The remains of an extensive iron age "loch village" have been uncovered by archaeologists in the first discovery of its kind in Scotland.
The ancient site in Wigtownshire appears to have been a settlement of at least seven houses built in wetlands around a small loch, Historic Scotland said.
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Experts believe the significant find could be "Scotland's Glastonbury", a reference to the lake village in Somerset, said to be a spot of international significance.
Culture Secretary Fiona Hyslop said the discovery at the Black Loch of Myrton was an "exciting and unexpected" find.
Historic Scotland said the dig began as a small-scale pilot excavation of what was initially thought to be a crannog in the now-infilled loch, which was under threat of destruction as a result of drainage work.
But during the excavation, archaeologists and local volunteers found evidence of multiple structures making up a small village.
The dig revealed a massive stone hearth complex at the centre of a roundhouse, Historic Scotland said.
The timber structure of the house has been preserved, with beams radiating out from the hearth forming the foundation, while the outer wall consists of a double-circuit of stakes.
The most surprising discovery was that the house was not built on top of an artificial foundation, but directly over the fen peat which had gradually filled in the loch, experts said.
Rather than being a single crannog, as first thought, it seems to be a settlement of around seven houses built in the wetlands around the body of water.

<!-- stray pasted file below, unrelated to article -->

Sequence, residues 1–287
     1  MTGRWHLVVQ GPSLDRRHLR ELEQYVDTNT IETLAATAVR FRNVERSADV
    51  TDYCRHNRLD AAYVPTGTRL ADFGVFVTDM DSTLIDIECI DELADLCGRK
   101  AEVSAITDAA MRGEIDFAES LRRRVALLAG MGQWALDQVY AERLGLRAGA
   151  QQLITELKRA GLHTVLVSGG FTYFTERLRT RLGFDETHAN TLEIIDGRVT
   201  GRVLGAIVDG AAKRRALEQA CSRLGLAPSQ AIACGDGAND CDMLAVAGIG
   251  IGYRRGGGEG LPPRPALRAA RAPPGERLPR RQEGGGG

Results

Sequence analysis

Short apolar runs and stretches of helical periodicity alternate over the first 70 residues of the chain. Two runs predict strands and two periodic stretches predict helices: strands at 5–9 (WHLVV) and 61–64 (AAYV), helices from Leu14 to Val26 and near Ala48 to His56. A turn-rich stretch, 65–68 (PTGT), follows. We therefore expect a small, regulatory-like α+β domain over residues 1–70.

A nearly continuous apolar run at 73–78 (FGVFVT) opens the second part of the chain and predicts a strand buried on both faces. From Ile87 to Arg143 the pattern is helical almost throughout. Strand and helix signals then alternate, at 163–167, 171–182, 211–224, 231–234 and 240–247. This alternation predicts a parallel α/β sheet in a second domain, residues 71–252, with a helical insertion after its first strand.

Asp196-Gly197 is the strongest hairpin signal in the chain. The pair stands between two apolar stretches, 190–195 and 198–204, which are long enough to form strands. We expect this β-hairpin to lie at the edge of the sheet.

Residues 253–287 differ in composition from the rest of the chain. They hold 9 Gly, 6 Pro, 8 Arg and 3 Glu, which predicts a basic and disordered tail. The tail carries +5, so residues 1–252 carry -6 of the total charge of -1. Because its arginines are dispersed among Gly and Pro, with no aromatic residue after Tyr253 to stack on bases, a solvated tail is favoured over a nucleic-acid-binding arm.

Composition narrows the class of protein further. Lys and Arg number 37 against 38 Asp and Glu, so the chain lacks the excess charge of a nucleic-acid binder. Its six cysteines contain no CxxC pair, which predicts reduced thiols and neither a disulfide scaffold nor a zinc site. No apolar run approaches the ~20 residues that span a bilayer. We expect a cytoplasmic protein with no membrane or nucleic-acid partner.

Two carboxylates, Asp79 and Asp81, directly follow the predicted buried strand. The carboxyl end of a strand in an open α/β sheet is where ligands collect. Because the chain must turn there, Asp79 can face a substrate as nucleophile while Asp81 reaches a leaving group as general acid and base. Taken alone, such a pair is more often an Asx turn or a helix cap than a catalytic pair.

Such a site is so far unique in Scotland and there are said to be few other comparable sites elsewhere in Britain.
Similar lake villages, including Glastonbury and Meare, also in Somerset, have been found in England.
Ms Hyslop said: "The remains of an extensive Iron Age settlement at the Black Loch of Myrton are an exciting and unexpected find.
"I am pleased too that experts joined forces with local volunteers on this project and I look forward to discovering what more this important find can teach us about Iron Age Scotland."
The dig was part-financed with £15,000 from Historic Scotland and it was carried out by AOC Archaeology Group.
It was one of 55 archaeology projects to receive funding from Historic Scotland for this financial year.
The Culture Secretary added: "These range from small initiatives to large-scale undertakings, include both new and on-going schemes, and encompass everything from nautical archaeology to innovative digital methods of telling Scotland's story.
"In archaeological terms, Scotland is one of the most exciting places in Europe, so I'm pleased that such a broad range of interesting projects are receiving this financial support."